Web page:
Subject(s)
BNT162 Vaccine , COVID-19 , Humans , Cohort Studies , COVID-19 Vaccines , COVID-19/epidemiology , COVID-19/prevention & control , Italy/epidemiology , SARS-CoV-2 , Health Personnel
10.
J Prev Med Hyg ; 63(2): E201-E207, 2022 Jun.
Article in English | MEDLINE | ID: covidwho-2081078

ABSTRACT

Introduction: The objective of the analysis is to investigate whether there is a correlation between deaths occurred within nursing homes in Lombardy Region and those related to the whole elderly population residing in the municipalities of their location at the beginning of the COVID-19 pandemic. Methods: The analysis considered a sample of 17 nursing homes belonging to the same legal entity (with a total of 2,197 beds). The changes occurred in the trend of deaths in 2020 between January the 1st and February the 20th, and between February the 21st and April the 4th, compared with the average number of deaths occurred in the same time intervals of the previous three-year period (2017-2019) were investigated. To verify the presence of a correlation between deaths occurring within nursing homes and those related to the whole elderly population residing in the municipalities of their respective locations, Pearson correlation index was calculated, distinguishing between elderly over 65 years of age and elderly over 85 years of age. Results: A statistically significant correlation was identified between the number of deaths among the overall population and the number of deaths among nursing homes residents between February the 21st and April the 20th, while no correlations were identified between January the 1st and February the 20th. Conclusions: The number of deaths occurred in the nursing homes of the sample considered shows similar trends to those of the elderly population of the municipalities in which they are located.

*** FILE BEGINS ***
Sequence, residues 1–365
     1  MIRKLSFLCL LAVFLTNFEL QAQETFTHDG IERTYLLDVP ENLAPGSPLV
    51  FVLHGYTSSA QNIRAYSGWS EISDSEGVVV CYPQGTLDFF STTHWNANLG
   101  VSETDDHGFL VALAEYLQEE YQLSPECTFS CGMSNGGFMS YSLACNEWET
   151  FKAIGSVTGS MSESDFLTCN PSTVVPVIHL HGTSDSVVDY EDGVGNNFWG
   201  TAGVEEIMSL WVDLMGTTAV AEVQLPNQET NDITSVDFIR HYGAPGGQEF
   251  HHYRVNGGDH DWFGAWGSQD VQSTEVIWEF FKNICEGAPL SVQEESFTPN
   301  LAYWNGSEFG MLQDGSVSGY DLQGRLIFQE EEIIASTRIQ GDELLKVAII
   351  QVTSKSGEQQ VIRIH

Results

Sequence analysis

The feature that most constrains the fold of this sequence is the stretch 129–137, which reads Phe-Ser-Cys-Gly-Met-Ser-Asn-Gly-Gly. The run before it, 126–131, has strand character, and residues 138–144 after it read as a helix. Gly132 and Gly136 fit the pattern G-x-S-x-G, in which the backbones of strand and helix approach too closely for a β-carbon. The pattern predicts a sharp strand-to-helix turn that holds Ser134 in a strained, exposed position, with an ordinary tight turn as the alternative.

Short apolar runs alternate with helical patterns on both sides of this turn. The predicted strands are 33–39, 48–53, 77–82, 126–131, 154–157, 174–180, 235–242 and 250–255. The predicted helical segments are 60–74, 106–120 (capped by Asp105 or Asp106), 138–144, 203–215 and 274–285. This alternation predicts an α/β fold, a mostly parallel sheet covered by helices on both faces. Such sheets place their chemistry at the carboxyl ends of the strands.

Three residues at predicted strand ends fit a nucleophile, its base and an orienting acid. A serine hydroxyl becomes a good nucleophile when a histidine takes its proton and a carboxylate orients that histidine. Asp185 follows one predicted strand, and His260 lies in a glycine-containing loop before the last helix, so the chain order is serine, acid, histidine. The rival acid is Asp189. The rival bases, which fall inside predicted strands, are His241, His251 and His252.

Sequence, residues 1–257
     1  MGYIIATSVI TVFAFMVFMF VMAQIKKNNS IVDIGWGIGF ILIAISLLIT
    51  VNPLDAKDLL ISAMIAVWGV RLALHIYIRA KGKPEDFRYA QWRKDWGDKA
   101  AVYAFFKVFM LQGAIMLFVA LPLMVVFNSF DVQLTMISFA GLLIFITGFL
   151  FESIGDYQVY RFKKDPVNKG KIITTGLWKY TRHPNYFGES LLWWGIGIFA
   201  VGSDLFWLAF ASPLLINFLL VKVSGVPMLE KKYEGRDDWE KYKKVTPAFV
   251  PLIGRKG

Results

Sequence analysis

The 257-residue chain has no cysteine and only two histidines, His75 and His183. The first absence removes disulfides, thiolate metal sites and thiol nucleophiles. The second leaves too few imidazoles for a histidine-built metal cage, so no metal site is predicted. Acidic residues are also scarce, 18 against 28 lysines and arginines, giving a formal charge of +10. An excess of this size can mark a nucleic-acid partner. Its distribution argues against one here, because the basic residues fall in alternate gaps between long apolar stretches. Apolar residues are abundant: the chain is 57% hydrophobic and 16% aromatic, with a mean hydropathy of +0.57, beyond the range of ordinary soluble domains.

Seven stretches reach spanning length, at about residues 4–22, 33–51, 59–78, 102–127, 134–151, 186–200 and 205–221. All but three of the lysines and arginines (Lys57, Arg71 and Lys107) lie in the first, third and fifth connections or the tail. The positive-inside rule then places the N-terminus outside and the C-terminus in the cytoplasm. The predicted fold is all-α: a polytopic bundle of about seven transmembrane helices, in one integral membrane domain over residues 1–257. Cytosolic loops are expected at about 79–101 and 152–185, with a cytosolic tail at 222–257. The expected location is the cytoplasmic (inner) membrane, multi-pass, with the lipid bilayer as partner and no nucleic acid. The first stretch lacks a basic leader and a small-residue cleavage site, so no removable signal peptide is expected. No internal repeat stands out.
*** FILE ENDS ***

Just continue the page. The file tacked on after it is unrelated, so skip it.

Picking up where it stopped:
Subject(s)
COVID-19 , Aged , Humans , Italy/epidemiology , Nursing Homes , Pandemics
11.